Music

Up, Bustle & Out: Mexican Sessions (Our Simple Sensational Sound)

Genre pushing Bristol duo continue their exploration of global beats, but could have done with narrowing their focus.


Bustle & Out

Mexican Sessions (Our Simple Sensational Sound)

Display Artist: Up, Bustle & Out
Label: Collision (Cause of Chapter 3)
US Release Date: 2007-03-20
UK Release Date: 2007-01-29
Amazon
iTunes

You can sprinkle specific spices over a generic dish and claim it's Cajun, Indian, or Mexican cooking, but it isn't really, it's just flavouring. Proper regional cooking goes deeper than that, it's more than what you sprinkle on at the end: it's in the initial ingredients, it's in the approach. This is certainly the case with Up, Bustle & Out's Mexican Sessions (Our Simple Sensational Sound), in which they never seem to really engage fully with the music of Mexico at a base level. Instead, they just flavour the Caribbean dub grooves and hip-hop breaks with South-of-the-Border colour and language without it often penetrating the root structure of the tunes. Though this by no means makes for a terrible record, it's perhaps a less interesting one than it might have been. Simple? Yes: these tunes are built around repetitive dubby beats. Sensational? Not particularly, though they do have their moments.

As well as releasing records on other imprints, Bristol production duo Up, Bustle & Out have been regulars on the consistently interesting roster of Ninja Tunes artists for well over a decade. Most of these acts have been marked out by their idiosyncratic genre defying characteristics. Neither overtly 'dance', 'jazz', 'hip-hop', or 'trip-hop' they, along with Cinematic Orchestra, Amon Tobin, and Coldcut amongst numerous others, have provided a fascinating bulwark against lazy pigeon-holing categorization with sophisticated, intelligent left-field grooves and an urge for the experimental and the eclectic. After exploring the musical heritage of Cuba and the Caribbean on recent releases U, B & O. have set their sights on Mexico and Columbia for inspiration this time, with mixed results. A large and varied list of collaborators perhaps explains the sometimes patchy quality of the music.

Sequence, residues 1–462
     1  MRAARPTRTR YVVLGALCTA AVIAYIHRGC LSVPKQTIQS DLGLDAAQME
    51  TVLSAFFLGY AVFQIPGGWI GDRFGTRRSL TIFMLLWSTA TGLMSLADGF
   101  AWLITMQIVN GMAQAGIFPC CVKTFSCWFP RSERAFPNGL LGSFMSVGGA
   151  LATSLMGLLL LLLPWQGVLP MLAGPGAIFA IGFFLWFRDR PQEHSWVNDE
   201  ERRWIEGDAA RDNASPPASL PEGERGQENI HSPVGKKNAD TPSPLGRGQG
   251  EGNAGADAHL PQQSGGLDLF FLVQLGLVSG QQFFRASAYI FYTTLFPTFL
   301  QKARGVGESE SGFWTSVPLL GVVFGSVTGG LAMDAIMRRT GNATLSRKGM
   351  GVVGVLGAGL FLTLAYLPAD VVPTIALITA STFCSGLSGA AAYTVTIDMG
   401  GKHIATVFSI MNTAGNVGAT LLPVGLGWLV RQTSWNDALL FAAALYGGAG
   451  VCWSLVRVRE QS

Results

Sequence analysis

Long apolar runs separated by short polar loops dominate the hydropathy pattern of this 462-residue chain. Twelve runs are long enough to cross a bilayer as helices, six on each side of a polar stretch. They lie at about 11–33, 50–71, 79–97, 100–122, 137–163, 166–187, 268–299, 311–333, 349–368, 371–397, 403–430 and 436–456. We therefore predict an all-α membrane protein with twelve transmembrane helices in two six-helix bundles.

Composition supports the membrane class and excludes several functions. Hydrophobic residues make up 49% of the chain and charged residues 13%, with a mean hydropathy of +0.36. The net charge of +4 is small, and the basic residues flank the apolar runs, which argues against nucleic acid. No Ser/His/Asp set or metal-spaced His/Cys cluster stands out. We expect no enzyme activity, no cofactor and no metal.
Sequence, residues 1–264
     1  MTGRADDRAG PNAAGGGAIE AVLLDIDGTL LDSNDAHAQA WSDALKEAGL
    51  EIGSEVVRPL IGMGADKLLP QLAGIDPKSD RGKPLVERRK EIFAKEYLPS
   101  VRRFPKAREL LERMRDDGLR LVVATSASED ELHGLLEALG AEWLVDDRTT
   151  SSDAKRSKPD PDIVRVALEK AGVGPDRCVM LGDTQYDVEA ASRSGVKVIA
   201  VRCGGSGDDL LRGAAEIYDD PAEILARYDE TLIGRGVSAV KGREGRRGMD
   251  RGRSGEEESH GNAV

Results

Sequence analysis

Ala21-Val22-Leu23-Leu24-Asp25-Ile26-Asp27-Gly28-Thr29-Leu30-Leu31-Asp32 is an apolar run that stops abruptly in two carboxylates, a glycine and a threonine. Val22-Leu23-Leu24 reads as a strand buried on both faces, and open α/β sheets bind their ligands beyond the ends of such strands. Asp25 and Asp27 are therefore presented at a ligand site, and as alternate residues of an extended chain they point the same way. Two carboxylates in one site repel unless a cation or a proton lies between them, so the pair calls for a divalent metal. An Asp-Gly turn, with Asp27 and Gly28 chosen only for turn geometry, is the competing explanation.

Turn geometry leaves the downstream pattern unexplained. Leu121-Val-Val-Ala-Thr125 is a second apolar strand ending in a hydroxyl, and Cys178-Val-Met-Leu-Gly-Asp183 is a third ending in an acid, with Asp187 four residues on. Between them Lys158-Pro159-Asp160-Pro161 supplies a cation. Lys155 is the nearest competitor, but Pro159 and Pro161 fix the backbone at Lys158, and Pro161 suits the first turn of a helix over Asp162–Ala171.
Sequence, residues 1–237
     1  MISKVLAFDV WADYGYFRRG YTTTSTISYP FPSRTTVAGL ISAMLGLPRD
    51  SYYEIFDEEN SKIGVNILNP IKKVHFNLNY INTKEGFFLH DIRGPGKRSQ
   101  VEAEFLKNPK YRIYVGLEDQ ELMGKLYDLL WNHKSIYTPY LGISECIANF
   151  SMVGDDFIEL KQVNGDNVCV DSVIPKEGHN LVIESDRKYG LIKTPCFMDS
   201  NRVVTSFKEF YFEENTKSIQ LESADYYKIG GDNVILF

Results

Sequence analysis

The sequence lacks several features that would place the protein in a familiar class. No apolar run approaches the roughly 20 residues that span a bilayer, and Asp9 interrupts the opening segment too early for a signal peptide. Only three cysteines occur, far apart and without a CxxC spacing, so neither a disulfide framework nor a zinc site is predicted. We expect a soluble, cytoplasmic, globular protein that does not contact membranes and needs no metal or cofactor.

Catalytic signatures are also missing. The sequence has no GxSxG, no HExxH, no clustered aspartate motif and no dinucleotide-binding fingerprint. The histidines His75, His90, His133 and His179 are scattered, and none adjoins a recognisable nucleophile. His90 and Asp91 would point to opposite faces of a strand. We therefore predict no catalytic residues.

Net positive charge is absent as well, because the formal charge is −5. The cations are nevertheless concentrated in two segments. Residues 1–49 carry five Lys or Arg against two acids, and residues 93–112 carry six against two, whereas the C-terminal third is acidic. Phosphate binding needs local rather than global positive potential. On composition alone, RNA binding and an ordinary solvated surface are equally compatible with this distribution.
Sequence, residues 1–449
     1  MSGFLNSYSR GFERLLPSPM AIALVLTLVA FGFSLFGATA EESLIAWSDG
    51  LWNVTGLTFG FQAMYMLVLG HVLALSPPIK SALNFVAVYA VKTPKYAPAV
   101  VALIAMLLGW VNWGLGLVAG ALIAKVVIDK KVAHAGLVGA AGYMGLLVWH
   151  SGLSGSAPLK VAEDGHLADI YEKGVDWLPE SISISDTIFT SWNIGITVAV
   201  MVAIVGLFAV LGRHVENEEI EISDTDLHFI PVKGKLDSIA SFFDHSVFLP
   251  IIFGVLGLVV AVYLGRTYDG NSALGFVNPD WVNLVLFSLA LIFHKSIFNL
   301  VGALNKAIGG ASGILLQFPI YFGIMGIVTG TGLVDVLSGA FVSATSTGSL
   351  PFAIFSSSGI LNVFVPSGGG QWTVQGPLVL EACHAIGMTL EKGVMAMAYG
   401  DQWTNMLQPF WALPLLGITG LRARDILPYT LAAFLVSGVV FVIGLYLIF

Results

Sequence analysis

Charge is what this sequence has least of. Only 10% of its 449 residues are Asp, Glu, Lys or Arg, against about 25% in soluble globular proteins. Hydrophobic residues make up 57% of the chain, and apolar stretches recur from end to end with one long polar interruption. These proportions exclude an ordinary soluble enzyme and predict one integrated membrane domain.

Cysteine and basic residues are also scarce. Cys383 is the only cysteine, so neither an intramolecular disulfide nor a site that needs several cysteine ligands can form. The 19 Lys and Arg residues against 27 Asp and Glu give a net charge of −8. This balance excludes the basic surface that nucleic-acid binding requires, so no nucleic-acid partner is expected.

A lot of this album is straight-up dub, which they do well, though it's far from groundbreaking. "Mi Chat Latin" is slinky and salacious with a bright hypnotic groove, but is too often let down by the random exclamations of "Arriba, arriba" and "Senorita!" One half expects Speedy Gonzalez to pop up any minute. The tune itself is infectiously catchy, but the 'Mexican' elements feel half-baked, patronizing even. "Corazon De Leon" is more successful in its blending of reggae and a more traditional Mexican sound. Looped accordions circle round darker, slower beats, and the 'toasting' steers clear of obvious clichés, sounding much more soulful, sophisticated, and authentic as a result.

The exploration of traditional 'Cumbian' music that comes with "Cumbion Mountain" is a welcome relief after half an album of dub tunes that begin to grow monotonous. This is a pointer to what the album could've been if the focus had been on Mexico and Columbia rather than straying to the Caribbean, as it too often does. Blaring horns, vibrant Mexican vocals, and propulsive scattershot drums move this tune along at an exhilarating pace, which makes the earlier stuff seem comatose by comparison. "Mi Altar Voy A Armar" is another highlight: an almost schizophrenic number which ranges over all the album's geographical bases in the course of one tune. It's a compelling mixture of Jamaican steel drums, 1990s Bristol trip-hop, and Cumbian percussion.

The album is overlong and outstays its welcome with remixes of tunes that weren't all that compelling on first listen. It's interesting to note that the album grew out of collaborations originally intended to comprise a 12-inch record. That is what it often feels like: an idea stretched too far. The Cumbian music of Mexico and Colombia is so fascinating it's hard to understand why they had to combine it with such a heavy, overpowering, and often nullifying Caribbean influence. There are a few real treasures, but they are unfortunately rather lost in the sprawl of 16 tracks of often tedious dub reggae. This is certainly a case of too many cooks spoiling the broth -- the list of collaborators is immense -- but also of too many damn ingredients in the first place. I'd have liked it if they had confined their focus to South America. It would have been simpler, but so much more sensational.

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